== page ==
In your opinion, how would you rank where to start incorporating victims issues into majors?
 
1.  Alison Cares
 The new materials that will be available via a learning tool on OVC TTAC's website in early 2014 will be helpful here. Many schools now have a first year seminar, which is a good place to try and incorporate a model on crime victims' issues and make students aware that all of them, in their personal and professional lives, encounter victims of crime. And that all of them then have the opportunity to make a difference to help.
 
2.  Lou
 Dr. Williams you bring up a good point about business,etc and encountering crime victim issues. Along those same lines do you have recommendations for trainings/resources that could be used to help bring awareness to students and possibly employer/employees.
 
3.  Linda Williams
 Just one additional comment here-- even when a course is not directly about a crime victim issue, victimization issues can come up in class and can also impact student work... so I think everyone should be exposed to this issue (of course including faculty)... because whether students go on to run a business, work as a teacher, even as an engineer or whatever everyone will confront crime victim issues at work, home or in their communities.
 
4.  Mario Gaboury
 I am not sure if I am understanding the question, but I would look at two factors: (1) the overlap of the major or disciplinary area with the issue of crime victimization or crime victim rights, and (2) where are there faculty members who are interested, or better yet, passionate, about the issue. In general, if you are thinking about majors or disciplines, areas such as criminal justice, justice studies, legal studies, psychology, sociology and human services come up at a high-end of the list. However, if you have interested faculty members in business, political science or history, etc., they may be a great source of inertia to move these notion of incorporating these topics in their courses.
 
5.  Alison Cares
 This is difficult, as I feel all majors would benefit from some linkage to crime victims’ issues. I would prioritize those majors that produce a high percentage of graduates who will encounter victims in their careers – so criminal justice, victim services, human services, and allied professions. For majors, that would translate to social work, psychology, criminal justice, human services, family studies, public health, and nursing and medicine.
 
 
Do you have a plan that should be followed to implement? Also, are there any budgetary concerns that we should be aware of.
 
1.  Alison Cares
 I do not think there is a particular plan or blueprint. While top level buy in is very helpful, much of this tends to be on the initiative of a few dedicated faculty, often in conjunction with a local agency or a campus women's center. One important piece it to take care that faculty teaching on crime victims' issues are properly equipped to do so. A training is ideal. However, there are also faculty guidelines for this that are available. (See www.uml.edu/vic and select faculty guidelines at the right)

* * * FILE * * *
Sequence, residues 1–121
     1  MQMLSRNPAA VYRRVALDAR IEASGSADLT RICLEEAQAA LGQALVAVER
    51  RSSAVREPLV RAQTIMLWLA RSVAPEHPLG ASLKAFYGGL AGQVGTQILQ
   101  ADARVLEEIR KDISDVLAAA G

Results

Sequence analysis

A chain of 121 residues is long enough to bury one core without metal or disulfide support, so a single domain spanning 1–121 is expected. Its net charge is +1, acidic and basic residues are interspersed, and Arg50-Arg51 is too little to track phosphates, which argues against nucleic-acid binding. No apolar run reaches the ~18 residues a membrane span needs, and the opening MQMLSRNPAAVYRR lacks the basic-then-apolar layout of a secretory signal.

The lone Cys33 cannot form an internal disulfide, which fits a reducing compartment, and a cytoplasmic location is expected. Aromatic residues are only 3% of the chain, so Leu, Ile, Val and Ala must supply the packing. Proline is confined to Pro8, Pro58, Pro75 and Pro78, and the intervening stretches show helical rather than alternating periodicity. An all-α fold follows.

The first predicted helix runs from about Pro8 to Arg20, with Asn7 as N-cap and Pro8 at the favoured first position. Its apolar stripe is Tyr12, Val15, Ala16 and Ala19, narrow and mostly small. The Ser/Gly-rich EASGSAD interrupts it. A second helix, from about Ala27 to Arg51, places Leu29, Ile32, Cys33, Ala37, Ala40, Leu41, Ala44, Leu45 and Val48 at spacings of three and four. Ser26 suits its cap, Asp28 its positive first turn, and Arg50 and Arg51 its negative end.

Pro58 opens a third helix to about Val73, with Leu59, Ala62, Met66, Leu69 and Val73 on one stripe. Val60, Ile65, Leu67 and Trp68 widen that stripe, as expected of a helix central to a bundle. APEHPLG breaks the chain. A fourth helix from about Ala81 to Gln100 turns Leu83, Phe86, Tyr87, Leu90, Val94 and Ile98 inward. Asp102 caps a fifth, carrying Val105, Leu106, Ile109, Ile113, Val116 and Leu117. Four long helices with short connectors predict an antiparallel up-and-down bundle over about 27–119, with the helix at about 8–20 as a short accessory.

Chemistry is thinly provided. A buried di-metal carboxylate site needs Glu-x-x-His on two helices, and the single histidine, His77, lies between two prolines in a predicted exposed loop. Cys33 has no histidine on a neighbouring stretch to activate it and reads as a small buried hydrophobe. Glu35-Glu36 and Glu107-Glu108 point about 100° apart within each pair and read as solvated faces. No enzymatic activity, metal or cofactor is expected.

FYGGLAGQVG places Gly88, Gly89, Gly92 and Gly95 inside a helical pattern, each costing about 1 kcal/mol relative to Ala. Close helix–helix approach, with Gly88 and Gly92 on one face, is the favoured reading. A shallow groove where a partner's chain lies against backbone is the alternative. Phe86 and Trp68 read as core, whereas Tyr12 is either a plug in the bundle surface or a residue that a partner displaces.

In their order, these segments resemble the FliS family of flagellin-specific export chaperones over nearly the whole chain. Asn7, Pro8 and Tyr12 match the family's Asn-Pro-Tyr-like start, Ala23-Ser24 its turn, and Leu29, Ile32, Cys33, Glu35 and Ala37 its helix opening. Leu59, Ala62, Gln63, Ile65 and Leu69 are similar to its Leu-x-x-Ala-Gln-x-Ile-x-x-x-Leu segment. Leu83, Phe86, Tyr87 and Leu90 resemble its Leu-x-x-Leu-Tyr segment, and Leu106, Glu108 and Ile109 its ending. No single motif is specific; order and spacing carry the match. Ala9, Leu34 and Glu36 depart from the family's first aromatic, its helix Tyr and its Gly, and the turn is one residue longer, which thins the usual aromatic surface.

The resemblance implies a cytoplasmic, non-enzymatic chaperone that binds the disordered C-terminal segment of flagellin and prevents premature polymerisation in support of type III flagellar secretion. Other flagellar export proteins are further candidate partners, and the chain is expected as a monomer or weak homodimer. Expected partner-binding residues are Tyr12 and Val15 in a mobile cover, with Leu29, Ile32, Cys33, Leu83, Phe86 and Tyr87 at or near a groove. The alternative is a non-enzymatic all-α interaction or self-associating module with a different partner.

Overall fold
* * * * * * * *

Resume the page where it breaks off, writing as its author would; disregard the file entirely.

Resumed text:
2.  Mario Gaboury
 My experience over twenty years of teaching similar courses is that there are no unusual or very significant budgetary issues other than those that are common to any other curriculum development or course revision project. The only one that comes to mind is the need to sometimes pay for travel expenses or honoraria for some guest speakers, but most often this is not necessary. These are courses where field trips can be useful as well, so those can incur costs. Generally speaking, these are classroom based courses or field work experiences / internships like all others.
 
3.  Mario Gaboury
 I believe that the Office for Victims of Crime has plans to distribute a comprehensive guide to incorporating crime victims’ issues in college curricula sometime in the foreseeable future. Perhaps you could check back with OVC-TTAC (https://www.ovcttac.gov/) in the near future to inquire about this?
 
 
Many universities allow students to choose a variety of "elective" courses to fulfill their requirements. Has tehre been thought on how to pursuade or encourage students to select those classes with a victim focus? Any suggestions?
 
1.  Alison Cares
 One thing that is encouraging is I think there is a lot of demand for these courses. I've taught courses in family violence, intimate partner violence, and victimology. At the undergraduate level, I have never had a section that did not fill, even in semesters where two sections were offered. Last year our victimology course was so popular that it filled with seniors - there were some seniors who were not able to get in.
 
2.  Alison Cares
 Some schools require community service or a community service learning component to a class for graduation. In the past, I have had students work with outside community agencies to have an event on campus (for example, last spring we hosted a screening of the documentary Invisible War, which deals with the issues of sexual assault in the U.S. military). This filled a requirement for students and gave them some background in crime victims' issues.
 
3.  Linda Williams
 I like Alison's suggestion. At UMassLowell our undergraduate child maltreatment class satisfies several gen-ed requirements. It is listed as a cj course but many other majors enroll. And yes, offering it before the sports team students have to leave campus is also a plus. I had 1/2 of the women's softball team and a bunch of basketball players in different years.
 
4.  Linda Williams